First we had to bone the two slabs of pork ribs- ‘cuz, let’s face it- like Chef Emeril Laggasse says;

     “It’s a pork-fat thing!”

For more on the wonders, the simple beauty, the ambrosia of flavor, and culinary carnival of taste that is pork-fat; see chapter 26 of the DHMF, (the Doghouse Manifesto) titled: PORK FAT- THE MASON/DIXON LINE- where the age old argument of Dry-Rub and wet ingredients will be visited, but not even remotely resolved; however, some compelling points will be made for ingredients such as, brown sugar, molasses and mustard- both wet and dry varieties, as well as spicy and mild- and somewhere mixed in there with a questionable racy Parisian picture postcard, is an errant recipe from my very proper German great grandfather for homemade horseradish, and something unintelligible about good Rhinelander Head Cheese, and big broad shouldered men in lederhosen slapping the hell out of each other to accordion music…

Uhm… where was I? Accordions, big shouldered men, leather shorts, Head Cheese-

Oh, yeah- sausage… (I know. That’s all really wrong, isn’t it?)

Anyway, I had already pre-soaked my casings, and put my dry spices in a pan of cold water to hydrate over night- fresh spices are better, and if this was going to be a batch of sausage for my table, I would have used them, and then the whole lot would have been tube’d, cased and hung on hooks in a Cold Cure Smoke House for a couple of weeks, and then aged to perfection in a humidity controlled, climate chilled Meat Locker for about six months, but this all had to be ready for Saturday- all that was left to do was, bone the pork, and cut and slice the beef, mutton and the two-pound side of hickory smoked bacon; add the onion and the garlic, grind the whole thing up, and case it.

     “Okay, Timmy: pay attention, ‘cuz I’m going to show you how to SAFELY use a knife.” I cautioned him. I didn’t want any accidents, or errant fingers, or ears ending up in the sausage- his or mine!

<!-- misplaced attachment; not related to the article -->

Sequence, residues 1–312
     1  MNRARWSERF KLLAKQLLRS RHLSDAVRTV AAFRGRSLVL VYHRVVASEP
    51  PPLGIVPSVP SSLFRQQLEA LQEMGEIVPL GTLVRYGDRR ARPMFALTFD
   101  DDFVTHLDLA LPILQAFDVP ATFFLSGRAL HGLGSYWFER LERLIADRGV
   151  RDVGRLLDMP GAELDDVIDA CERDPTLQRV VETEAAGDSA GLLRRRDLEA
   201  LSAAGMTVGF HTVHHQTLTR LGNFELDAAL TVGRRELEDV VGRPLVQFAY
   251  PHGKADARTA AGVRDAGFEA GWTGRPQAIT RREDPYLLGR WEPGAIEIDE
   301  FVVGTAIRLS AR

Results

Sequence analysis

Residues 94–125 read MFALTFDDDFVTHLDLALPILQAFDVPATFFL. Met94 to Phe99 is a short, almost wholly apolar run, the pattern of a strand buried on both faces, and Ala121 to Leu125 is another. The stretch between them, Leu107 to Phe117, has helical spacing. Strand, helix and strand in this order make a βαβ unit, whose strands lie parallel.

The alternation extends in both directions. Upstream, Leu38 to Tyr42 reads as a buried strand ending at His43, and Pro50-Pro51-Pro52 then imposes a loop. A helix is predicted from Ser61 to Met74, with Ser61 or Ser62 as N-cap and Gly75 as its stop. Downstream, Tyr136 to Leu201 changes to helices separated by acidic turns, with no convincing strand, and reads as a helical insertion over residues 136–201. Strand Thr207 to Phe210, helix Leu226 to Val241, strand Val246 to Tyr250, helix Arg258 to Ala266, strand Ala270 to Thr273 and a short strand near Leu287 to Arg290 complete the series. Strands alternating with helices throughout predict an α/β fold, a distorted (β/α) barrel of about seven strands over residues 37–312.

As it turns out, little Timmy is a natural with a blade. He held it perfectly, thumb and forefinger above the shank, just at the hilt, and he learned to curl his ‘off’ hand fingers under to avoid the sharp edge, as if he were an old-time pro. He’s either going to grow up to be a Master Butcher, or a Surgeon. Without a butt-load of Demerol™ and an intravenous Valium™ drip, I doubt I could tell you the difference, the point is, Timmy didn’t cut himself, and he had the time of his life boning out all that pork, and then slicing the rest for grinding. I was proud of him.

On the other hand, I needed two band-aids before the afternoon was over- but I don’t really want to talk about it, if you don’t mind.

While I was washing everything up, and putting away my knives, Timmy wandered over to my 8-track, selected a tape and shoved it in. Turns out, instead of Sinatra, or Tony Bennett, he mistakenly grabbed my Kansas: “Leftoverture” album.

We both fell into a sound sleep in our bloodied aprons and newsprint hats, on the Doghouse chaise lounge as, Kerry Livgren began to sing:

“Carry on my Wayward Son…”

 I would introduce Timmy to Lynyrd Skynyrd another day…

Eightball Sneaky Laugh

The complete manuscript of A DogHouse Manifesto has been accepted for publish, and will be available for purchase very soon! Stay tuned to this column for details…